Notre Dame Academy Elementary School Educating Today's Youth to be Tomorrow's Leaders

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Mrs. Kelsie Burnett » Home


Mrs. Burnett grew up in New Jersey before attending the University of Notre Dame, where she obtained a Bachelor of Arts in Sociology with minors in Education, Schooling and Society (ESS) and Italian Studies. She later continued her education at Notre Dame by enrolling in the Alliance for Catholic Education’s ACE Teaching Fellows, a program that places college graduates in underserved Catholic schools across the country. Through ACE, Mrs. Burnett taught in Compton, CA and earned her Master of Education (M.Ed) degree and Initial Indiana Teaching Licensure. In California, she received her Clear Multiple Subject Teaching Credential. She is currently working on an added Reading/Writing Authorization from USC. For the past eight years, Mrs. Burnett has served students in Baltimore, MD; South Bend, IN; Komga, South Africa; Compton, CA; and Port-au-Prince, Haiti. She has been blessed to be able to work with children in the capacity as an orphanage volunteer/homeschool instructor, teacher, and literacy researcher. 

This is Mrs. Burnett's fifth year teaching Third Grade. She is excited to foster a love of critical reading and writing skills through the class theme of evidence. This year, students will learn to find and use evidence in texts, media, and art. Across subjects, students will be required to support their answers and reasoning. In language arts, students will use evidence to critically analyze informational text and literature. In math, we will engage multiplication, division, and fractions for the first time, acquiring a toolbox of operational strategies based in conceptual understanding of each topic. Students will share their answer and reasoning, engaging in math discussions and debates with their peers. In social studies, students will human and physical geographies, learning about community and how it changes over time. In science, students will learn about living things and how they adapt.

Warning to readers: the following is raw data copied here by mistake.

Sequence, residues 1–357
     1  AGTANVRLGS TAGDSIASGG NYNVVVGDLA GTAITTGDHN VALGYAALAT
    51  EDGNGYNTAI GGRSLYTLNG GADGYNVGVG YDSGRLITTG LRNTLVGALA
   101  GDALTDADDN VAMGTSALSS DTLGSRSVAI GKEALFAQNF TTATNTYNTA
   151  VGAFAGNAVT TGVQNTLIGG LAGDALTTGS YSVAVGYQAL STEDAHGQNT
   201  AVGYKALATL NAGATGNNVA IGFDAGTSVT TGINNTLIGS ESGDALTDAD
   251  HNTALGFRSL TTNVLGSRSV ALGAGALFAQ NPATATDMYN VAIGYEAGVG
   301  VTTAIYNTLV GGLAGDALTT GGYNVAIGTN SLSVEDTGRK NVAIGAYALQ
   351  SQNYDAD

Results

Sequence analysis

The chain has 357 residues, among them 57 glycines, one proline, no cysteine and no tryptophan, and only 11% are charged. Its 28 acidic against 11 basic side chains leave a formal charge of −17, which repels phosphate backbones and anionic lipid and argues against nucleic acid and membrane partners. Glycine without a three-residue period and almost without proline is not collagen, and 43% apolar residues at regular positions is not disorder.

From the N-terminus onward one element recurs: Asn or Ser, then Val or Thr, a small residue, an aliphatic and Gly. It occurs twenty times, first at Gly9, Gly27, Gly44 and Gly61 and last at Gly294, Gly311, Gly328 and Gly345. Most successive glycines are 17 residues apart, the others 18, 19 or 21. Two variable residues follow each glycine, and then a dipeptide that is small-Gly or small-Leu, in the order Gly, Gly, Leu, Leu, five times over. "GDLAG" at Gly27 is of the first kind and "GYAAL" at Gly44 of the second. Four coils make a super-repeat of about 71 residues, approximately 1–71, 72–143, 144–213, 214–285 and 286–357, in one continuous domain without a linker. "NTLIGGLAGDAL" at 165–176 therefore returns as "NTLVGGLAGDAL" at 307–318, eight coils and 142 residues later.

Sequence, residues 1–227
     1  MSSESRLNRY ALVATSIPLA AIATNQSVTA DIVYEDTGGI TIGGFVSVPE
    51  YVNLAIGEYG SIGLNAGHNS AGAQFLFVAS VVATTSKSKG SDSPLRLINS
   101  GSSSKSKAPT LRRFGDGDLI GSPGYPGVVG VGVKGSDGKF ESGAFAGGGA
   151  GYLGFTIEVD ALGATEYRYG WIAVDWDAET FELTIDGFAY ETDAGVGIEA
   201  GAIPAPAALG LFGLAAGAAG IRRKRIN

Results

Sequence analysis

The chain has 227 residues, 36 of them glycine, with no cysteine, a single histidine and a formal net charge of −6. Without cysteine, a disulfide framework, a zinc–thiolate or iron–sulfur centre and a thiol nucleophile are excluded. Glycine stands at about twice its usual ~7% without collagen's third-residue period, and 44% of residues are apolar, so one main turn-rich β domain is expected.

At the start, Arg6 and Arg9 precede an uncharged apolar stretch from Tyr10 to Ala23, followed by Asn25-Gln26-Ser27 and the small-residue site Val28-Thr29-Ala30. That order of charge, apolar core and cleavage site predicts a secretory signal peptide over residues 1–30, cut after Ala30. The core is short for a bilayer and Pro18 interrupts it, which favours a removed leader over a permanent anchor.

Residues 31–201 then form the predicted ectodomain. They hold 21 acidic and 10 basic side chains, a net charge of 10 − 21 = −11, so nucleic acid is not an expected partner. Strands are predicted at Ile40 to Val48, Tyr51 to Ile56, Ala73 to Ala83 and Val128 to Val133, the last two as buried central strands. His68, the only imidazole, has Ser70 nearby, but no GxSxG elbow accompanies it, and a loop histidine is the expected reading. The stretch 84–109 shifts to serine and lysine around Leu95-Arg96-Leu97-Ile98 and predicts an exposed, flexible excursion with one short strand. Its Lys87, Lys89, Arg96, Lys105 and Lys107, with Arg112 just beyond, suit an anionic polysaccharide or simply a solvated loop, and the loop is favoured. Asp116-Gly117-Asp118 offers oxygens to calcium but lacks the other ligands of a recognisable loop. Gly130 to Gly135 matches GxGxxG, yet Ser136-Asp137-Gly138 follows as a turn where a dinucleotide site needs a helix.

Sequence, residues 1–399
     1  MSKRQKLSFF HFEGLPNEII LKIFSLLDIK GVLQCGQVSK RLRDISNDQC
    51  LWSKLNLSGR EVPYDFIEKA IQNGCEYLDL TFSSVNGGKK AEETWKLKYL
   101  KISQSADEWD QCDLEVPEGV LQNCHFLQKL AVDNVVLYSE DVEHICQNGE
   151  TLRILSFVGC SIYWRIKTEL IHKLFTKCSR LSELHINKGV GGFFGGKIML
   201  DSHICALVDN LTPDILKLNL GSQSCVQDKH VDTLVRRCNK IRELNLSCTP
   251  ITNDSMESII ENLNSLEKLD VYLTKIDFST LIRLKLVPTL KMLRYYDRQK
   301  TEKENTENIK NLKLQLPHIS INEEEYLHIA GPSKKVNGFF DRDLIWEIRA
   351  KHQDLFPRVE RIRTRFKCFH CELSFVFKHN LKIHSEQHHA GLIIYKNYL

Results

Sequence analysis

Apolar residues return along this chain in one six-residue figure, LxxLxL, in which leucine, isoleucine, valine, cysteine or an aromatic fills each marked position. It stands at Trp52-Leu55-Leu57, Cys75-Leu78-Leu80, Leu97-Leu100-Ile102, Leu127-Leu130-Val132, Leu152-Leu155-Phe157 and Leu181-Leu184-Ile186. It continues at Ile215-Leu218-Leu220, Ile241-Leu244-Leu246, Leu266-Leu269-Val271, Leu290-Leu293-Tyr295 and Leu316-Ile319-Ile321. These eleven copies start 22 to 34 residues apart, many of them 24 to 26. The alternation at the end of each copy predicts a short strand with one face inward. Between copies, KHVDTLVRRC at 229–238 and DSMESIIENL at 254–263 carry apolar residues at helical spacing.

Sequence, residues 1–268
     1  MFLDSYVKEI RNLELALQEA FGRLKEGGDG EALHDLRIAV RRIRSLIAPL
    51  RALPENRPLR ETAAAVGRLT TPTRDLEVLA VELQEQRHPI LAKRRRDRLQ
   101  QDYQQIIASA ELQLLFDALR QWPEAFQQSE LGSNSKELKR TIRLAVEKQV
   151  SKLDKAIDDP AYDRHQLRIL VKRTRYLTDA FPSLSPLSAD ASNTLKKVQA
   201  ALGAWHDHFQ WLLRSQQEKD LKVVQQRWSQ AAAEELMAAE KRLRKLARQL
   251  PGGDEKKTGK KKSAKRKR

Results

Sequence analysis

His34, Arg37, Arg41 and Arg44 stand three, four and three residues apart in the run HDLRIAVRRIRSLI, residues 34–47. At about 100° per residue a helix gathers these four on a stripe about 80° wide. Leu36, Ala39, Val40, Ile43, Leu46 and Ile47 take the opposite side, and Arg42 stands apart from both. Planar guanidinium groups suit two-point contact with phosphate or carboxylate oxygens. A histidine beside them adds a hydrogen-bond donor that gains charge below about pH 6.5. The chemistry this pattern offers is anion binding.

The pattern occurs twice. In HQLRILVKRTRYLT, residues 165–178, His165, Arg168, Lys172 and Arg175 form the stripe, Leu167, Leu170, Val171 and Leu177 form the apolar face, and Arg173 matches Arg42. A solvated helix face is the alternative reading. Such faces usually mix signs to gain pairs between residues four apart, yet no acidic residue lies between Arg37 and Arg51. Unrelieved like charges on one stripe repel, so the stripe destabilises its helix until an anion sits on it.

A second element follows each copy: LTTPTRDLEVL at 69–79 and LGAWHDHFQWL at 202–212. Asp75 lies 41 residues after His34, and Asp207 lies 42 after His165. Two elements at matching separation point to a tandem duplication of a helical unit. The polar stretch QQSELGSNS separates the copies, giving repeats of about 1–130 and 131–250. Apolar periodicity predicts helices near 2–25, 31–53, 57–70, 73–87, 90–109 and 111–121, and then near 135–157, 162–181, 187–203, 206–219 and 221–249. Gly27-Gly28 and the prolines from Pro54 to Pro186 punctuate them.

Recent Posts

Publishing Our Grinch Letters

Our writers have been working SO HARD on their Grinch letters! Today we peer edited our second drafts and started typing and formatting our final, published draft! Nothing like a little holiday music to help us stay on task!
Here are two students peer editing a letter. First we read the "You're A Mean One, Mr. Grinch" lyrics to learn about similes and metaphors. Next, we wrote our own similes and metaphors about the Grinch. Ms. Corriston made the mistake of sending our writing to the Grinch. Needless to say, he was not pleased with our symbolic descriptions and sent us a strongly worded email in response. Now we're writing apology letters to try to turn his heart and save Christmas. Wish us luck!

Defining In Context

Working on our Native American unit through a silent Marker Talk as we show our prior knowledge.
Third Grade completed our first Guided Novel Study! We worked in our reading groups to make a poster advertising each text. Students needed to determine the theme, summary, and important characters and events. We applied Thinking Maps by displaying the posters as a Tree Map in the hallway. Next, students read the posters and added to a collaborative bar graph, voting for the Roald Dahl book that they would like to read next. Reading, Writing, Art, and Math all in one project!